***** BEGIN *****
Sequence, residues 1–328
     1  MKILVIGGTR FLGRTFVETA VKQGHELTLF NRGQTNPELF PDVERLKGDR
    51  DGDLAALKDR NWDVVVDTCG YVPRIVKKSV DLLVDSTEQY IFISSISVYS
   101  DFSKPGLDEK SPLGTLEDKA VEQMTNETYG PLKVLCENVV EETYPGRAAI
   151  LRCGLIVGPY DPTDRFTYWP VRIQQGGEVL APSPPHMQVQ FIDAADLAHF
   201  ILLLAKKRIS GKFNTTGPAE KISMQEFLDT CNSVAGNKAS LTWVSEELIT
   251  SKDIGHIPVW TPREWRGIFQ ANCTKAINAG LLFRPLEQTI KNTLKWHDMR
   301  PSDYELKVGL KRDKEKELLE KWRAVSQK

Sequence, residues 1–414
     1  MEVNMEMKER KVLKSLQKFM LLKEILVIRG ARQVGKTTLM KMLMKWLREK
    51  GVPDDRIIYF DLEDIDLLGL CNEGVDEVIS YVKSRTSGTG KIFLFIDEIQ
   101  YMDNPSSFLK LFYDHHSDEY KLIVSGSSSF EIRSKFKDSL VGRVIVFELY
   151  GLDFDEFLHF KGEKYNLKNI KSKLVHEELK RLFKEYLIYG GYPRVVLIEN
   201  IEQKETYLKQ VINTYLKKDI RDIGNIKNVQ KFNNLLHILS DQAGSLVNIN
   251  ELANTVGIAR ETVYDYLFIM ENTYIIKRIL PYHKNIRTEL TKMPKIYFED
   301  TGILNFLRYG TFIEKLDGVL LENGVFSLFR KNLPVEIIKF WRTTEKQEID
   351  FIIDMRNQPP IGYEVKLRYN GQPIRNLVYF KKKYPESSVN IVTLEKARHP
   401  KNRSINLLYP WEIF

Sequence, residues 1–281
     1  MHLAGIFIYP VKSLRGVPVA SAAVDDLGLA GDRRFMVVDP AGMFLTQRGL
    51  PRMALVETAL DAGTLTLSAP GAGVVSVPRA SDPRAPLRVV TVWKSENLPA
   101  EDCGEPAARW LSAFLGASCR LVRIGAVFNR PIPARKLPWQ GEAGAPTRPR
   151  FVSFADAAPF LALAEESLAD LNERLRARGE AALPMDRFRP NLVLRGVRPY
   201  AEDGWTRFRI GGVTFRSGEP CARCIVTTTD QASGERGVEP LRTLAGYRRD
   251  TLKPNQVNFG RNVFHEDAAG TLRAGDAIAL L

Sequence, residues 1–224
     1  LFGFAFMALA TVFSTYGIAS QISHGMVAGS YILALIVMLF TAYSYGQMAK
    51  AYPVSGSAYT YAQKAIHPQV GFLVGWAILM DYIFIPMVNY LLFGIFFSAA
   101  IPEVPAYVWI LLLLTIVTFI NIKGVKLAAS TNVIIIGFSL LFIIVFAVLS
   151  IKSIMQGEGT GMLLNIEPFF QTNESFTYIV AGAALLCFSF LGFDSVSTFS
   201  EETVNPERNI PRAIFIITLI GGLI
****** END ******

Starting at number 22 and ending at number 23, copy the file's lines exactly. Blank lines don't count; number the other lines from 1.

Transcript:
   101  EDCGEPAARW LSAFLGASCR LVRIGAVFNR PIPARKLPWQ GEAGAPTRPR
   151  FVSFADAAPF LALAEESLAD LNERLRARGE AALPMDRFRP NLVLRGVRPY